Fish & Wildlife | Ecotrope

Turtles suit up for survival with simulated summer

Ecotrope | Aug. 8, 2011 2:17 a.m. | Updated: Feb. 19, 2013 1:36 p.m.

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A yearlong summer? That’s the secret scientists are using bringing endangered pond turtles back to the Northwest. (Think of all the other folks it would bring if we had summertime weather year-round. Hello, California!)

The Oregon Zoo has simulated 11 months of summertime warmth for nine western pond turtles to help them grow big faster so they can evade non-native bull frog predators and large-mouth bass. Tomorrow, the zoo and several partners will release the endangered reptiles into the wild of the Columbia Gorge.

Here’s how a simulated summer helps the species survive, from an Oregon Zoo news release (more on the program in this Oregon Field Guide video):

“The turtles think it’s summer year-round, so they never go into hibernation,” said Dr. David Shepherdson, Oregon Zoo conservation scientist. “They get bigger and bigger, experiencing almost three years’ growth in 11 months.”

Once the turtles reach a suitable size of about 70 grams (a little more than 2 ounces), they are returned to their homes and monitored for safety.

“Since the turtles are larger, predators such as non-native bullfrogs and large-mouth bass are no longer threats,” Shepherdson said.

The turtle reintroduction is part of a collaborative effort by the Oregon Zoo, Woodland Park Zoo, Washington Department of Fish and Wildlife, U.S. Fish and Wildlife Service and Bonneville Power Administration. As part of the Western Pond Turtle Recovery Plan, conservation scientists “head-start” newly hatched turtles gathered from wild sites, nurturing them at both zoos for about 11 months. Scientists estimate that 95 percent of the turtles released back to sites in the Columbia Gorge have survived.

This year marks the 20th anniversary of the Western Pond Turtle Recovery Plan, begun by the Woodland Park Zoo and WDFW in 1991. The Oregon Zoo has been a collaborator in the project since 2000.

“Spending the first months of their life at the zoo gives the turtles a real edge,” explained Shepherdson. “We’re glad we could provide assistance in helping save these highly endangered turtles.”

Local youths enrolled in the Jane Goodall Environmental Middle School and the Skamania County Forest Youth Success Program, plus teens from the U.S. Fish and Wildlife Service’s Youth Conservation Corps and the Oregon Zoo’s Zoo Animal Presenters program, will help biologists release the turtles in the Columbia River Gorge.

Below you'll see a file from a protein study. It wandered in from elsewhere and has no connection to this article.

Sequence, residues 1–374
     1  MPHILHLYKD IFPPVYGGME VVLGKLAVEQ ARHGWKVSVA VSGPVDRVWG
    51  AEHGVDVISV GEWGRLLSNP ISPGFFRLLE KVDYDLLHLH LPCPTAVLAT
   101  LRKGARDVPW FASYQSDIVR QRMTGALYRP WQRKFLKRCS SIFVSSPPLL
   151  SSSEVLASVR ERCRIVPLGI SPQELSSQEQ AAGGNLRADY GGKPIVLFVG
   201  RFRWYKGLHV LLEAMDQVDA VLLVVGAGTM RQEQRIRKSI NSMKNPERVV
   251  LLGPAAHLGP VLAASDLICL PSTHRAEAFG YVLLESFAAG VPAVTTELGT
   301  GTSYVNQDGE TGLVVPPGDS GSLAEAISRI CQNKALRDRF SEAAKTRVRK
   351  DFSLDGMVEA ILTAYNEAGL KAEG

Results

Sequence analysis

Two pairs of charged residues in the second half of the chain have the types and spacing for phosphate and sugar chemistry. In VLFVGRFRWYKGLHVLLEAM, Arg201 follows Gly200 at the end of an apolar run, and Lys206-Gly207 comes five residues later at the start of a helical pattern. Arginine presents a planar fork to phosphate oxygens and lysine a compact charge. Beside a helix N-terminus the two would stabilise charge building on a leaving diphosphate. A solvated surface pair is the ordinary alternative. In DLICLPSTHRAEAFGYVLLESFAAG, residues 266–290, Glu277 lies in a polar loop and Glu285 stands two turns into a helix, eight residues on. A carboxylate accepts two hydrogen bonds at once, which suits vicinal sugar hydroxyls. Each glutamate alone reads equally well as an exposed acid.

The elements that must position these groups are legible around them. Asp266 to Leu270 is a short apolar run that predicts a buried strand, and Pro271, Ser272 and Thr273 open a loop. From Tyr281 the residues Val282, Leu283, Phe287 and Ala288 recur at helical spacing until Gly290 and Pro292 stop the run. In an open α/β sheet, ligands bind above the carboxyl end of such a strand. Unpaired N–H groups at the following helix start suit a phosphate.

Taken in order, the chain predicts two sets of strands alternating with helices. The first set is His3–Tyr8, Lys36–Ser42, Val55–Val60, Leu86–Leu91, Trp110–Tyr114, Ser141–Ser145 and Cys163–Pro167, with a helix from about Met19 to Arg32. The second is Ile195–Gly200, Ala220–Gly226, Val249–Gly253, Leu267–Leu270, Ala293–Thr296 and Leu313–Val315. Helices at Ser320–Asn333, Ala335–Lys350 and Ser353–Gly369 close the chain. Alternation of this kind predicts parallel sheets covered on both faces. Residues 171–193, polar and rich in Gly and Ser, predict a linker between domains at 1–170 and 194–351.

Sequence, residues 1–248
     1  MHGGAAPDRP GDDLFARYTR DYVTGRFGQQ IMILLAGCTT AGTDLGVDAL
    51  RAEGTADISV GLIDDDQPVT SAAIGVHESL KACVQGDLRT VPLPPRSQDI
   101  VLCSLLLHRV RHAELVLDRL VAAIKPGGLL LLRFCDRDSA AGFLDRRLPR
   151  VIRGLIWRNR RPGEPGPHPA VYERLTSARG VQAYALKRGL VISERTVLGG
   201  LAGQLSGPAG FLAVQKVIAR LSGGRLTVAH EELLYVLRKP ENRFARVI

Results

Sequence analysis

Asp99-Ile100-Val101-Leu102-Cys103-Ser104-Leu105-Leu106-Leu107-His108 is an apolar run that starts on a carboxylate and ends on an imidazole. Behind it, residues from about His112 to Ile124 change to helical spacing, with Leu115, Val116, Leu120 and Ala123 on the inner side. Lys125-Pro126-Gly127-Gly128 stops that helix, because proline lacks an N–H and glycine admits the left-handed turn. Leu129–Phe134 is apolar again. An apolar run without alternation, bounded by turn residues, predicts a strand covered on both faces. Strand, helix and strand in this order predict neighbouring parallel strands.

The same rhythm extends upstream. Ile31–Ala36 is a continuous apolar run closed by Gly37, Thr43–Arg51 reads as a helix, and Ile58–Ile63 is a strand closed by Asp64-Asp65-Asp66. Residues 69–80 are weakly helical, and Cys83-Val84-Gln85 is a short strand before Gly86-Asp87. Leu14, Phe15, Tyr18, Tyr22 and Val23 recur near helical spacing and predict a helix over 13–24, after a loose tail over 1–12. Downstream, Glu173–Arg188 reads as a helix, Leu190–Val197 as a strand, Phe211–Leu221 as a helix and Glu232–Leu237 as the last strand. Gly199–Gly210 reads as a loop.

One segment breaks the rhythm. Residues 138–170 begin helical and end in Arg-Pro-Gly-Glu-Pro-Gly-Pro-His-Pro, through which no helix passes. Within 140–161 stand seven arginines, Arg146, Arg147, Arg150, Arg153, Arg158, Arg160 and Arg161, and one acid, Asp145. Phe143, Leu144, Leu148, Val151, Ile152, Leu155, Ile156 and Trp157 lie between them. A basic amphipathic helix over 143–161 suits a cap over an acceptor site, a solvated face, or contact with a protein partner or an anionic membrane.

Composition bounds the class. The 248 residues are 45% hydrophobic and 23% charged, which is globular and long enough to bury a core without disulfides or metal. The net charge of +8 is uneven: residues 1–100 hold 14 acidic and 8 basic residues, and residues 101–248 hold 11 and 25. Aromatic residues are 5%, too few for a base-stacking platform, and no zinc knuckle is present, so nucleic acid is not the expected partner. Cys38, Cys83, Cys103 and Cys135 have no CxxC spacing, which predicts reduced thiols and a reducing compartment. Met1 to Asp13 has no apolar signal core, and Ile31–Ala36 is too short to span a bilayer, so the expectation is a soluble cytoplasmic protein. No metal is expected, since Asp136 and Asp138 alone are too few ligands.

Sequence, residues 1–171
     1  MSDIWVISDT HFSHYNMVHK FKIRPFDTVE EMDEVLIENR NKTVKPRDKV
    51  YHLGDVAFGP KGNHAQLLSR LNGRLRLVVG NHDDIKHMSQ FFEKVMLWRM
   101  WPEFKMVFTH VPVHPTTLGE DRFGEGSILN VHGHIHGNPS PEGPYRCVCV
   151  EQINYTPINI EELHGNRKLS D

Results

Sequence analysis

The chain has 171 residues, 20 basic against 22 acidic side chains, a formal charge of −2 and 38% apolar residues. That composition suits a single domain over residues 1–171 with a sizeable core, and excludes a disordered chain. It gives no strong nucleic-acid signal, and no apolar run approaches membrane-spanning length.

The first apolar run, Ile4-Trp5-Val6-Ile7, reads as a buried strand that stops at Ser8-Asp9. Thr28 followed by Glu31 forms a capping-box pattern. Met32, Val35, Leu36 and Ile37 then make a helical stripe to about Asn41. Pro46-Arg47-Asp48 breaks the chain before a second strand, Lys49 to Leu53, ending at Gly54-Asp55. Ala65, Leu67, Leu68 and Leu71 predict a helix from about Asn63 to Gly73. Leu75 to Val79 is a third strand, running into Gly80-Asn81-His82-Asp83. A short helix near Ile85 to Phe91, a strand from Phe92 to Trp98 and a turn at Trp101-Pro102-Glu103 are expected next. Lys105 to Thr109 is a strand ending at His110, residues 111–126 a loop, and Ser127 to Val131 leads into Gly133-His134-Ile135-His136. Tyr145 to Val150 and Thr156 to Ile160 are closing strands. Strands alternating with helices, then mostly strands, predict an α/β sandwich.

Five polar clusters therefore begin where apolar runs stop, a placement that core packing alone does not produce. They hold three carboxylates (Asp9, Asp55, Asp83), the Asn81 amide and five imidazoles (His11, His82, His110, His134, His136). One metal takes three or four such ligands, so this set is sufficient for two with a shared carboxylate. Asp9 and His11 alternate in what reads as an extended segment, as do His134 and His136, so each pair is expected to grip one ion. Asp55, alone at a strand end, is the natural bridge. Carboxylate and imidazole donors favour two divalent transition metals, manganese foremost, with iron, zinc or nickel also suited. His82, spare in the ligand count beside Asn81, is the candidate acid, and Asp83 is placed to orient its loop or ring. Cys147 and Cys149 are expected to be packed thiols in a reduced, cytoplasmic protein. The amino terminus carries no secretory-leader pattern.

“It is one thing to learn about conservation efforts, but it makes a much bigger impact when you actually see a zoo-reared turtle released back into the wilds of the Columbia Gorge,” Shepherdson said.

Two decades ago, western pond turtles were on the verge of completely dying out in Washington, with only 150 turtles left in the Columbia River Gorge. Today, researchers estimate that there are more than 1,500. Habitat degradation and disease were, and still are, problems, but the biggest threat to fragile baby turtles is the bullfrog. Native to areas east of the Rockies, this nonindigenous frog has thrived throughout the West, driving pond turtles and a host of other small, vulnerable aquatic species to the brink of extinction.

To help restore these rare pond turtles to their natural habitat, recovery workers take to the field each year. Under the supervision of western pond turtle experts Kate and Frank Slavens, they count, trap and fit transmitters on adult female western pond turtles. The female turtles are monitored every two hours during the nesting season to determine where they nest. The nests, which the females dig in the ground and then cover after depositing their eggs, are protected with wire “exclosure” cages that help prevent predators from eating the eggs. The eggs are then allowed to incubate naturally, and the hatchlings are collected in the fall. The hatchlings are about the size of a quarter when they are removed and taken to the zoo facilities, where they can grow in safety. Unlike wild turtles, zoo turtles are fed throughout the winter, so by their summer release, the 11-month-olds are about as big as 3-year-old turtles that grew up in the wild.

Now listed as an endangered species in Washington and a sensitive species in Oregon, the western pond turtle was once common from Baja California to the Puget Sound. The Oregon Zoo’s participation in the Western Pond Turtle Recovery Plan is funded through The Oregon Zoo Foundation’s Future for Wildlife conservation fund, the Bonneville Power Administration and the Washington Department of Fish and Wildlife.

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